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  • 13 Oct 2016 3:34 PM | Anonymous member (Administrator)

    Grandma is currently going through end of life care and I will use this blog to share her story and my experience as a primary caregiver. 

    Here is when it began. We noticed grandma's weight loss from a few months ago, and she started losing more and more weight. We knew something was up, we had a feeling it might be bad, but she didn't want to get it checked. Finally on that day, she told my aunty that her discharge in diapers had been more than normal and she agreed to visit a GP. But even so, she still went for her usual exercises for the day. The GP said she should go to A&E for further checks, we tried not to scare her, so she had some oats first before taking a taxi with Aunt and Mum to the hospital. At the A&E, the usual triage process happens and grandma went thru a whole barrage of checks before finally getting a bed at 2am. From 6pm, she was wheeled into the patient's only area where family was not allowed. Total wait time for 84 year old elderly lady = 9 hours. Doc did give us a quick update at 630pm and it confirmed that she did have a growth and its likely to be end stage cervical cancer and they found  large lump (5cm) and she would have to be warded. It wasn't a big surprise, we kinda knew.  I hope she would get a bed soon and she can undergo the care needed. But the wait continued and we waited outside. It's pretty much a waiting game at A&E. I decided to go bug the staff at 8pm and I managed to give her some dinner. From the caregiver's perspective, I felt at a loss waiting outside in the waiting area cause I was not allowed inside where grandma was kept at, yet I had no information given to me about what was going on with her. It was frustrating and worrying at the same time. I decided to play the sad puppy card and told the security guards about grandma and that i wanted to give her water, could they let me in, which they kindly did. (Grandma is frail so she would have been unable to get her own water or food). Finally at 11pm, I went to bug them again, and thats when they said they would message us on the phone when she got a bed. At this point, grandma had fallen asleep inside already. I understand the healthcare system and the A&E process, but as our population faces a rapidly ageing challenge, I think we need more sensitivity to the needs of the elderly when they are in the A&E. Eg. blankets, water, diaper changes, having the emergency bell available to them instead of hidden away in some corner, access to food if they are expected to wait longer. Healthcare teams focus on treatments, which is great, but sometimes we do need a little more empathy for the elderly patients because their needs are a little different to the average patient. 

  • 09 Sep 2016 9:22 PM | Anonymous member (Administrator)

    I came across this video that features the use of voice technology to engage elderly in Japan in a sumo wrestling match. This really looks interesting, and I see a lot of potential where rehabilitation can be made more fun and interactive for our elderly staying in the facilities.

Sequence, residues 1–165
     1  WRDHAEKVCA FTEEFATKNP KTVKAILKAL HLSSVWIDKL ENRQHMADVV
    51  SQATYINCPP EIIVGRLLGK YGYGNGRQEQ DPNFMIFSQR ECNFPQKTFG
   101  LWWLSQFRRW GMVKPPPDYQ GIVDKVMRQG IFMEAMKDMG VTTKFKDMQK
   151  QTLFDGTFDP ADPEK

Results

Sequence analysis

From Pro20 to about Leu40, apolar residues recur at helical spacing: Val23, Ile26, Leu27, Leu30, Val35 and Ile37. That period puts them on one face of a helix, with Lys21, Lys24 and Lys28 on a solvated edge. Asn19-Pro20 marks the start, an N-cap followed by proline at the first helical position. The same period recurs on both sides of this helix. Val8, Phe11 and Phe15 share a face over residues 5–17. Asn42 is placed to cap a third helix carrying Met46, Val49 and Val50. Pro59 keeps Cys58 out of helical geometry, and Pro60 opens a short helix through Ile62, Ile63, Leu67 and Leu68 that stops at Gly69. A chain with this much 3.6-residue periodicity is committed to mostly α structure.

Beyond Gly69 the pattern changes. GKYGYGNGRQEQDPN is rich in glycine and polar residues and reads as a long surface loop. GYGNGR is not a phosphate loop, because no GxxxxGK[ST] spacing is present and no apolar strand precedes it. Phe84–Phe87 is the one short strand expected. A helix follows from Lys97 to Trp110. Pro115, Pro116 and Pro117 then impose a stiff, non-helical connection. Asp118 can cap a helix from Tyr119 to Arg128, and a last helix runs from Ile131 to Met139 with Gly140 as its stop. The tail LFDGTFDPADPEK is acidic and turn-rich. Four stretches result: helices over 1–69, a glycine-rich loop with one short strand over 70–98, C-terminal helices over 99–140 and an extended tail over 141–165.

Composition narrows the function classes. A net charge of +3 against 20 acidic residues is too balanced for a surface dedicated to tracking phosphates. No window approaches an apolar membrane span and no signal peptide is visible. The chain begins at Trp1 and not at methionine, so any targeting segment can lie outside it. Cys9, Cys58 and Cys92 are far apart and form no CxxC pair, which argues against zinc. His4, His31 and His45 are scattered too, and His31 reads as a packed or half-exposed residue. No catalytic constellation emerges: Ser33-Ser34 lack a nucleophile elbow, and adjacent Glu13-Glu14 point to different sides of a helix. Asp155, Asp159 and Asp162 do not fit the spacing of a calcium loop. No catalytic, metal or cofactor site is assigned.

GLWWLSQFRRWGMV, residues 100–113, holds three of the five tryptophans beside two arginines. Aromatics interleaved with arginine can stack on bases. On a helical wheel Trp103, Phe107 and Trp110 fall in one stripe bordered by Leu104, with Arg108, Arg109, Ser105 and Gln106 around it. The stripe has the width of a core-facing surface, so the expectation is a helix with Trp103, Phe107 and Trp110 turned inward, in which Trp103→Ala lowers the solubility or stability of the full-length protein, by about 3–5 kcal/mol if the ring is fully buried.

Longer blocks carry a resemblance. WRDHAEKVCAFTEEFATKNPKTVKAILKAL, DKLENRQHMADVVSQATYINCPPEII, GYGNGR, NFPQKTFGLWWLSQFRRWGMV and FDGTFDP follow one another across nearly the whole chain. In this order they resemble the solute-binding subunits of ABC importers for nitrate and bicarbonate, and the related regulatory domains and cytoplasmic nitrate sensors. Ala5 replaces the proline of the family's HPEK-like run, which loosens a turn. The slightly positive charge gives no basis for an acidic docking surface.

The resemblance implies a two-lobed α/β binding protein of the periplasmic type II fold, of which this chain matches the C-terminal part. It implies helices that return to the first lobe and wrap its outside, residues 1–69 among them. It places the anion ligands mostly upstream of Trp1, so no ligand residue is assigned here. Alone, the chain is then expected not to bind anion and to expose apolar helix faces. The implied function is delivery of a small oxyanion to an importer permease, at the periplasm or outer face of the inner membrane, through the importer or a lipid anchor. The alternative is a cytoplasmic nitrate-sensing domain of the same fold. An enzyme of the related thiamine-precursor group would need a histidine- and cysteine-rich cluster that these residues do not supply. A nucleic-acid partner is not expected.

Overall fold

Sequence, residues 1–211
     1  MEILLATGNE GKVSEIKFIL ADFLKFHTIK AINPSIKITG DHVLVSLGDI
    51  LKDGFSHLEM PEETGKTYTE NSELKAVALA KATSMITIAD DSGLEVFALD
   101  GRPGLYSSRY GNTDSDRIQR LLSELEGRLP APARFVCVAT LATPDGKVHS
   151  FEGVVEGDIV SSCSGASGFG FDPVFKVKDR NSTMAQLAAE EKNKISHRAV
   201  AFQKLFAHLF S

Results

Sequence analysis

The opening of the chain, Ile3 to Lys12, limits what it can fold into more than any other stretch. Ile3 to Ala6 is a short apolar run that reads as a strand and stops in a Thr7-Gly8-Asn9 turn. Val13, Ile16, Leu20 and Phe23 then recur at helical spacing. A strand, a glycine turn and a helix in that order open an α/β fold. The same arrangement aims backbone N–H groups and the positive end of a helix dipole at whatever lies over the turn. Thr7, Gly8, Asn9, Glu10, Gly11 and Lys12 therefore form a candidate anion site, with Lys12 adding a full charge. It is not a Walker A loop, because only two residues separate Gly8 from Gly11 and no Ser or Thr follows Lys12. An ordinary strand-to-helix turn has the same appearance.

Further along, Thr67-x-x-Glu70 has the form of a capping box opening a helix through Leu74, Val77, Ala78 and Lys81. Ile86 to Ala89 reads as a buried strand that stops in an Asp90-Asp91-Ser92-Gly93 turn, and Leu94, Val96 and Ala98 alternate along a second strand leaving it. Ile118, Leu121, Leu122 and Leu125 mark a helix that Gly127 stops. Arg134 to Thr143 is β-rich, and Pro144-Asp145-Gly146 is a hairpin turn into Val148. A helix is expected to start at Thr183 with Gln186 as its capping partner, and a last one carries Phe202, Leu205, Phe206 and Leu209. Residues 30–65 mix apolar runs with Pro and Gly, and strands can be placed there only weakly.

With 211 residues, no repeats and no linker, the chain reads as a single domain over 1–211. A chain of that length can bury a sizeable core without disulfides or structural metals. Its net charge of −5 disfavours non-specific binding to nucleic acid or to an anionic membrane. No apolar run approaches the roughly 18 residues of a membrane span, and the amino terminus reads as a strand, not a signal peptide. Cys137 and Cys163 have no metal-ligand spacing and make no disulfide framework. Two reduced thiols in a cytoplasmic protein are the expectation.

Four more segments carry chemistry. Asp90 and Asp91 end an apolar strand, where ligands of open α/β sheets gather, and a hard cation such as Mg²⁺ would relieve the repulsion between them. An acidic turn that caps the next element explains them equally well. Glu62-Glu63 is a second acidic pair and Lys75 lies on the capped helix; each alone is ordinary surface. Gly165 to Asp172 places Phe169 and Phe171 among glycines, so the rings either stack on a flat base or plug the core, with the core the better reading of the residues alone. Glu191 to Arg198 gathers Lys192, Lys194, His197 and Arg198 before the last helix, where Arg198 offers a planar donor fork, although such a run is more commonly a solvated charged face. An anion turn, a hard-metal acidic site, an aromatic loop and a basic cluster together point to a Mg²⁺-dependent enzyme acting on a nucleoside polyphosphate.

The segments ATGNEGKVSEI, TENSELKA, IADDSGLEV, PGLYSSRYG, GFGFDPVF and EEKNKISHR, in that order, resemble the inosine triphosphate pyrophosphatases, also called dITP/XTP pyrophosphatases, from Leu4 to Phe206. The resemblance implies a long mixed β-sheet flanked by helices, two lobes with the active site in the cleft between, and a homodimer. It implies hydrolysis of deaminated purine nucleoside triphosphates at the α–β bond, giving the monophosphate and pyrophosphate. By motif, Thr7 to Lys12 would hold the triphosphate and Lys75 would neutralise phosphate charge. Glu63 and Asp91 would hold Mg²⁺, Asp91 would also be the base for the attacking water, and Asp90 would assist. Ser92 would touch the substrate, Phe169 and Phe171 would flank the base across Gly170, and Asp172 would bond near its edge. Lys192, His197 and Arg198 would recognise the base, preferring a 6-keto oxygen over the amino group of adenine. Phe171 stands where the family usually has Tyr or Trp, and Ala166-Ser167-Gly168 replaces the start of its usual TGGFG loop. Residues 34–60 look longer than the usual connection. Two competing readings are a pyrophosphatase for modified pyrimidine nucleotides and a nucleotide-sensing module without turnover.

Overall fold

Check out video link here


    Photo credit: https://www.coloribus.com/adsarchive/casestudy/geriatric-health-services-facility-hitorizawa-ton-ton-voice-sumo-video-21387505/

    Keen to learn more? Drop me an email: janicechia@ageingasia.com

  • 09 Sep 2016 9:17 PM | Anonymous member (Administrator)

    Having fun cooking up a storm and eating too! Here is a sneak peak at the wonderful delights that our members have been cooking and sharing.


  • 09 Sep 2016 8:55 PM | Anonymous member (Administrator)




  • 09 Aug 2016 1:09 PM | Anonymous member (Administrator)
    We had a twin celebration of Norman's Graduation and National Day at ASPIRE55. Norman has just graduated from Nanyang Technological University and we are proud to be part of the celebrations for him. Thank you to all our members who contributed towards being part of our celebrations and especially to our members who displayed such wonderful cooking skills and a sharing spirit. 


     
  • 18 May 2015 1:15 AM | Anonymous member (Administrator)

    ASPIRE55 is about intergenerational aspirational ageing – young and old supporting each other to age in our own homes.  Ageing impacts us at all ages. Whether we are 25, 45, or 65, we all have someone around us that is growing older. I have always looked forward to growing older, having the maturity to process experiences, appreciating life for what it gives us, contentment and having the financial security and luxury of time to do the things that mean the most to me.

    I believe each generation’s outlook towards quality of life and lifestyle is different. Our approach towards filial piety is changing as we head towards a world without borders and smaller family units. In the past, being filial means that you hire someone to look after your parents as they age, and to them, this was a much appreciated gesture and a sign that they are well loved by their children. However, a very wise Professor once told me, if you care too much for someone, you remove their ability to be independent. If you stop letting someone boil water for six months, they will forget how to boil water.

    The current generation of baby boomers (55 – 67 years old) and older adults are a more well educated, widely traveled and  fiercely independent group. They value their freedom, they are financially secure, and are health conscious. They view living with their children as a choice, and many have already chosen not to. Instead, the approach towards filial piety for this group is now transforming to “how we can make them happy”.